HRVS also took an early lead on gaining independent recognition for its high standards under the IRTE Accreditation Plus scheme.

"We have adopted new practices that have brought work in, such as IRTE workshop accreditation," says Sims. "We were the first OEM-backed company in the scheme. As a result, a customer with maintenance problems recently brought 10 trucks on the recommendation we presented to the traffic commissioner. That is happening time and time again."

Qualified staff make all the difference

Sims argues: "Our staff are more qualified than some Vosa testers — but that is not the same everywhere. IRTE accreditation is a standard recognised as a benchmark that is independently assessed. It was relatively easy for us because all our technicians train 15 days a year but, outside main dealers, many workshops will struggle."

To gain IRTE Accreditation Plus, at least 50% of the technicians must gain an Irtec accreditation. "Our standard is that everyone outside an apprenticeship must be Irtec-accredited," says Sims.

HRVS started its apprenticeship programme three years ago and now has 17 apprentices. HRVS uses the MAN Academy to train its apprentices, finding the quality of training far higher than that provided by local colleges. "The standard is excellent," says Sims. "It is the best course in the business the lads can have."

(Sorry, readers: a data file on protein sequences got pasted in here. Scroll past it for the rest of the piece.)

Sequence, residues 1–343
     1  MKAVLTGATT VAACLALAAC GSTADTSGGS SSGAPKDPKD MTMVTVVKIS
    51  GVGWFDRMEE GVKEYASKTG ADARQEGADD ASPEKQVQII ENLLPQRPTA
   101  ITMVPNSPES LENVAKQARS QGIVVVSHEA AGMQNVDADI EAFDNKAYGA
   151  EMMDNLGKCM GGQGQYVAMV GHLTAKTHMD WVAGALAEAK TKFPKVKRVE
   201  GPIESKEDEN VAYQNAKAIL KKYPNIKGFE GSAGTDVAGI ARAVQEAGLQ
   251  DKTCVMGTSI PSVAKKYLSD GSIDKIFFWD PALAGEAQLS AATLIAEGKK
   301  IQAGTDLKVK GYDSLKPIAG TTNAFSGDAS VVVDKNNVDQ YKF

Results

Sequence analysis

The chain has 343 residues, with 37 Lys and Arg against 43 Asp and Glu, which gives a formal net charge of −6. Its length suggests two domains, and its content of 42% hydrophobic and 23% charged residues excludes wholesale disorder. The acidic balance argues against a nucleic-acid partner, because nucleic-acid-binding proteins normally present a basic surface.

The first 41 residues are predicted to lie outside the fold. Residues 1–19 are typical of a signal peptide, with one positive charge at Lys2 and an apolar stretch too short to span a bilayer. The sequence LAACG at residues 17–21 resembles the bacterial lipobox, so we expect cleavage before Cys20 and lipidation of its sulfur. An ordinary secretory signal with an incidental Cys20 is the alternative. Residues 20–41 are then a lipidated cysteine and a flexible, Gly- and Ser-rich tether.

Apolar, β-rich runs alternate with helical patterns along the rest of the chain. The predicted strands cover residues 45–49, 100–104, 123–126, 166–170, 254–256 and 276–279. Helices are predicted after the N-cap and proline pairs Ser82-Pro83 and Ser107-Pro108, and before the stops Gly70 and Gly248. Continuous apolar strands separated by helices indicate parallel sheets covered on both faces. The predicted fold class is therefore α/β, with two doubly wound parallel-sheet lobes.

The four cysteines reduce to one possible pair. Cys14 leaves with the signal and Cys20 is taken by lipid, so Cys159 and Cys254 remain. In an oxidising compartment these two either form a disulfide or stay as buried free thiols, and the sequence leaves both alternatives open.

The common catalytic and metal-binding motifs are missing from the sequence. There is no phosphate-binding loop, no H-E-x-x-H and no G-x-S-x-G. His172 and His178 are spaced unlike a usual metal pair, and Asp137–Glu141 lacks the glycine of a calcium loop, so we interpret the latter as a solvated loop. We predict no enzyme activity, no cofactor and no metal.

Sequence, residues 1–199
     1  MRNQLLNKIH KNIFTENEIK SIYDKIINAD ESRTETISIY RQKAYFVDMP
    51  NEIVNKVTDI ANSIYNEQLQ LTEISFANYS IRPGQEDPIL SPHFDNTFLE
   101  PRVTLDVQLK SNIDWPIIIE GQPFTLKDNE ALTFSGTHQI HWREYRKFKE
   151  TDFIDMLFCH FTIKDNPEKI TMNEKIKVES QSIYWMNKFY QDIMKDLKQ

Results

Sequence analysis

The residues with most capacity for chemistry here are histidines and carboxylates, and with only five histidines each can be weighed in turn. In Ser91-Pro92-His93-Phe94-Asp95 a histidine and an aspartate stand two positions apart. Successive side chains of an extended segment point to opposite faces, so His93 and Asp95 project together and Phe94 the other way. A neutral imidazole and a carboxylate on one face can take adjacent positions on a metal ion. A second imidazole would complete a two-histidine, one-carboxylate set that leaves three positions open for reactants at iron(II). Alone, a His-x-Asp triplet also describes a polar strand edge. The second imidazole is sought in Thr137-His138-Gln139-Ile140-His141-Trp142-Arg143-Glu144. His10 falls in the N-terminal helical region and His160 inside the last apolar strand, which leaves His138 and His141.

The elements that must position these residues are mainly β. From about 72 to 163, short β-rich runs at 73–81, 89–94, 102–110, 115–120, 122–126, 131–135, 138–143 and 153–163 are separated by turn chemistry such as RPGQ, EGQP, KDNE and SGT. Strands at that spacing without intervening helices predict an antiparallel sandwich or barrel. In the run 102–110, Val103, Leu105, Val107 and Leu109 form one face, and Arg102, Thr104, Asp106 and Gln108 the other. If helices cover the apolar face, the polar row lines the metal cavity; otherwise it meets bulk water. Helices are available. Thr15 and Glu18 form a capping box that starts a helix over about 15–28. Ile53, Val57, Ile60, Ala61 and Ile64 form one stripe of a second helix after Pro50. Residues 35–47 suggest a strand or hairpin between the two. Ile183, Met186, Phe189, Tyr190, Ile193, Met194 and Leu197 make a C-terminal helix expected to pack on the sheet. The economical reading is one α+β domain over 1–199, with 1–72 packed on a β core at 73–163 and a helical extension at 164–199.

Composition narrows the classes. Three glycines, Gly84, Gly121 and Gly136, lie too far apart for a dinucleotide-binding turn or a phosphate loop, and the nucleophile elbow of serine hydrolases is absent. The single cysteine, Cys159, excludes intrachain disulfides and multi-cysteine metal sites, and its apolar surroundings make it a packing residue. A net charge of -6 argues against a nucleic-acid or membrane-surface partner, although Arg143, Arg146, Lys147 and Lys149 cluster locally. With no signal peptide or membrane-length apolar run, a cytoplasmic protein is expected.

Sims is convinced of the benefits of a highly trained and well-motivated workforce. "We can all buy the same kit — the difference is the people," he says. "Make no mistake about that." While HRVS is a key part of the MAN network, it will tailor R&M packages for any make of truck. At the Sheffield site, 60% of the workshop's turnover is with makes

other than MAN, higher than the average across the group.

HRVS added an Isuzu Truck franchise two years ago and although it is a small part of the business, Robert Lockwood, the group MD of HRVS parent company Lockwood Group, is looking to add Isuzu pickups too.

"It is interesting because we have never owned sales before," he says. That is not to say HRVS doesn't take a keen interest in developing sales of new MANs.

Sims says: "70% of my time is spent with customers and sales people working on sales; it is important I am involved in this process to ensure we deliver what we promise. We also have business development managers on the road and that has proved essential in maintaining relationships."

The customer base at Sheffield is diverse, ranging from large national operators to small family firms, although revenue is heavily biased towards its blue-chip customers such as BOC, Stagecoach and DIAL.

Sheffield remains a big bus and coach site, with five Stagecoach depots close by. It also has a contract to body and prepare every MAN fire engine for the UK's fire brigades, and there will be 75 emergency vehicles going through the workshops this year. A first-class breakdown service is an essential part of minimising operators' downtime, and HRVS has 18 breakdown vans available 24 hours, 365 days of the year. It guarantees to respond to any breakdown in 60 minutes; Sheffield's average response time is 37 minutes. •

comments powered by Disqus